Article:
Tucked in among research plots of grains, potatoes and other crops at the University of Idaho’s Aberdeen Research and Extension Center are research plots of native wildflowers and plants to test their garden and landscape appeal.
A Native Plant Field Day, the center’s sixth, is planned June 12 from 2 to 4 p.m. to give native plant lovers, nursery operators and others a look at using native plants to reduce water use and pest problems in landscaping.
Led by UI Extension horticulture specialist Stephen Love, the tour through colorful arrays of wildflower and shrub evaluation plots will feature grasses, penstemons, mints, columbines, buckwheats, syringa and many others.
Another field day is planned the following day, June 13, in Twin Falls by the Idaho company that is taking the lead on bringing Love’s finds to gardens and landscapes. The Native Roots LLC Field Day is planned from 11 a.m. to 3 p.m. at the company’s production farm at 2475 E. 3600 N. in Twin Falls. The farm is south of Twin Falls along old Idaho Highway 24, a half mile east of U.S. Highway 93.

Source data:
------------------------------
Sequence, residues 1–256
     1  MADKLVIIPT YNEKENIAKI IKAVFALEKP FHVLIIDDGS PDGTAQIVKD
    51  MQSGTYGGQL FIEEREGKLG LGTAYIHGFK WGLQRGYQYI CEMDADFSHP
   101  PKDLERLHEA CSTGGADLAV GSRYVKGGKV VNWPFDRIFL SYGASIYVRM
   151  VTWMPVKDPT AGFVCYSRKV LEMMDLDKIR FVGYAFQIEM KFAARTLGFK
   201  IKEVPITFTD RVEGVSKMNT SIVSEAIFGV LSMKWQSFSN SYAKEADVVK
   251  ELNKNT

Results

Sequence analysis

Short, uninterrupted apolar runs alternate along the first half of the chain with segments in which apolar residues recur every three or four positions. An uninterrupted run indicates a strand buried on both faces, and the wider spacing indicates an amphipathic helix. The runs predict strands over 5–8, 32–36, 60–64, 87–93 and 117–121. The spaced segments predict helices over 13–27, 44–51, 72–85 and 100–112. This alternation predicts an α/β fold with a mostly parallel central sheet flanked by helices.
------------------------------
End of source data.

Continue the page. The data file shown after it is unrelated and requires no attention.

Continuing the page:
Love has explored the wilds of Idaho and other western states searching for perennials and shrubs. After collecting seeds from hundreds of species to grow at Aberdeen, Native Roots is beginning to distribute plants to nurseries.
The Native Roots lineup grew from Love’s quest and his expertise as a plant breeder. The company now is selling seed of its first 30 native species products. It has 80 more products in the wings with more than 300 under development.
The company will offer visitors the chance to see its native seed production facility and wildflowers, grasses and shrubs that are suitable for home gardens and larger landscapes. Organizers will offer tips on how to create beautiful landscapes with native plants.
More information is available from UI horticulturist Stephen Love at (208) 397-4181 or Rich Drick of Native Roots at (208) 329-4790.